FAIRVIEW–The Fairview Museum of History and Art is pleased to announce that it has received a $250,000 grant from the Fritz B. Burns Foundation for the purpose of preserving and restoring the historic Fairview City Hall building and making it part of the museum.
The project will be dedicated to former Fairview residents Elaine Anderson Rawlinson and Joseph Eli Rawlinson, some of whose family members are officers in the Burns Foundation.
The historic City Hall building is located adjacent to the museum’s Horizon Building. Built in 1900, the picturesque brick and stone structure served as Fairview’s first city hall until 1916, when it was traded to the North Sanpete School District and connected to the newly constructed junior high school. Many Fairview residents have fond memories of attending classes there.
The building was miraculously saved from destruction when the rest of the junior high school was demolished a few years ago. It has been vacant for several years but remains in surprisingly good condition for its age.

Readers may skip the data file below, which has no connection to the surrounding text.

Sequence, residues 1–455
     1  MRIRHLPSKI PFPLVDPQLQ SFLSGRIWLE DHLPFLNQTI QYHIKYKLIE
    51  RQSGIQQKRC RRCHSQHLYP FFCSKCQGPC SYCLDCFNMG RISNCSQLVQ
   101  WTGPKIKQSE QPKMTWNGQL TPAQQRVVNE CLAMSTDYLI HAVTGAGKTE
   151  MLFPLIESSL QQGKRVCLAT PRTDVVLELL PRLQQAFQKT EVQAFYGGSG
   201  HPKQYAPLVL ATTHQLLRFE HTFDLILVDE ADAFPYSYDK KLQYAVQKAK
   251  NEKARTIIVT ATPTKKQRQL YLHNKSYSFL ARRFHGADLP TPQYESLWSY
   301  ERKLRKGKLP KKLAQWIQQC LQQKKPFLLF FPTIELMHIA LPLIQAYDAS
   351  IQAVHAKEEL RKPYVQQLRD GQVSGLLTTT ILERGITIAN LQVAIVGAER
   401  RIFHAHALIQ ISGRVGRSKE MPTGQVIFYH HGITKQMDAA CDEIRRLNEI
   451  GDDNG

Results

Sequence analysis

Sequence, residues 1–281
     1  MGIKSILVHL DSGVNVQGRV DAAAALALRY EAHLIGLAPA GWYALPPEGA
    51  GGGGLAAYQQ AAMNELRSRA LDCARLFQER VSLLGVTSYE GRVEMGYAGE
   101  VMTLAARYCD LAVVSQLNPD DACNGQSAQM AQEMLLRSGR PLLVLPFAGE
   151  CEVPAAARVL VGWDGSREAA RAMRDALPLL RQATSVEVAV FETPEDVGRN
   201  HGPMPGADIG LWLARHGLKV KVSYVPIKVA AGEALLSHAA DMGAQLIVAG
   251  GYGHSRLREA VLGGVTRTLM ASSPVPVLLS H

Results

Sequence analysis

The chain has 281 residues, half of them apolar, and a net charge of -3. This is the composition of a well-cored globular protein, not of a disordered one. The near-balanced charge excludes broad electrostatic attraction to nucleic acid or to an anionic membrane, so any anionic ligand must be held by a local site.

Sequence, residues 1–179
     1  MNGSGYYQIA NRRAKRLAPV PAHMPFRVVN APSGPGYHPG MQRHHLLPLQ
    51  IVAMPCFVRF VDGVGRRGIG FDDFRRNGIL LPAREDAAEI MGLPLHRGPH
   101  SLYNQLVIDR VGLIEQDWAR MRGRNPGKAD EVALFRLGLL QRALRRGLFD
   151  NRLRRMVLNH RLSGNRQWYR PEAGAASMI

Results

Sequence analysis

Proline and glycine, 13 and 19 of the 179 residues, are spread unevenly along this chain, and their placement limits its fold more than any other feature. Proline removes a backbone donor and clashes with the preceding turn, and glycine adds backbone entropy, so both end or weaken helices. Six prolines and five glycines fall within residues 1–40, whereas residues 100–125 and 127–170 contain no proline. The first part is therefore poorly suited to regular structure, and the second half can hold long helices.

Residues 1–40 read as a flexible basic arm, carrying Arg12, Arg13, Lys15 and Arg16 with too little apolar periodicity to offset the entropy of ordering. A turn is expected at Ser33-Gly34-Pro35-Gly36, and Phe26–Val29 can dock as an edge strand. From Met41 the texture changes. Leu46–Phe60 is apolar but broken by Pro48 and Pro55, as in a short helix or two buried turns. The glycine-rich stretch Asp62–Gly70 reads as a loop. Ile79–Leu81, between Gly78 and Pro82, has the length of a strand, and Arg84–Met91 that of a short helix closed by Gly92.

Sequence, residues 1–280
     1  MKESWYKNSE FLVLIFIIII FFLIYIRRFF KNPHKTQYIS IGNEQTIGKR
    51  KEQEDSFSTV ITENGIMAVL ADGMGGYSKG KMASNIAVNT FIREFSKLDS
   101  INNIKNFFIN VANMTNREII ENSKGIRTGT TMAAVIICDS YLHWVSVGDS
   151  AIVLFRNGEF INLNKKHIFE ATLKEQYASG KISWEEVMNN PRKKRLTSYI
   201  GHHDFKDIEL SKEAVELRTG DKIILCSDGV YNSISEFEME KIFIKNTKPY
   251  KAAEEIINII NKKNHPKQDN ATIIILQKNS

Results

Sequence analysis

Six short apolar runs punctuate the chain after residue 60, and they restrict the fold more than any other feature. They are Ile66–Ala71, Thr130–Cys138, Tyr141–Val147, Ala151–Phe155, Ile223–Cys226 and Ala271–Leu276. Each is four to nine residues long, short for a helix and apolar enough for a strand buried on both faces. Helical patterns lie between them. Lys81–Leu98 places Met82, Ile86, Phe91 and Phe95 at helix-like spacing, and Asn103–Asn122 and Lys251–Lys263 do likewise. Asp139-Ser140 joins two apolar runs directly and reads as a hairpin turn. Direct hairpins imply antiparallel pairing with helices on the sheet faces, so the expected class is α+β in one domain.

The grant money will be used to restore the City Hall building to its original splendor, making both exterior and interior repairs. Structural modifications will be undertaken to comply with modern building and earthquake codes while preserving the historic appearance of the structure.
The interior will be furnished and decorated in early 1900’s style. The restored building will house many of the artifacts that the museum currently has in storage due to lack of space.
In addition, the grant will help pay for landscaping and sidewalks connecting the building to the rest of the museum.
Officers of the Fritz B. Burns Foundation, a grantmaking company based in Woodland Hills, California, traveled to Fairview in October 2021 to view the structure and meet board members of the museum. They were very enthusiastic about the project and said it is one of the most exciting endeavors they will be involved in this year.
Jared Sorensen, vice president of finance for the museum, said that the interior prep work is already underway and plans are being drawn up for the seismic upgrade. That work will begin as soon as plans are approved; the foundation work will have to wait until the ground thaws in the spring.
“Our goal is to complete and dedicate the building this fall,” Sorensen said.
A specific date isn’t known yet because they have to special order new windows and other things, and they don’t know how long that will take, he said.
Museum officers expect that the addition of the Rawlinson/City Hall building will further enhance the museum’s reputation as a major Utah attraction. It will be a significant asset to the community for many decades to come.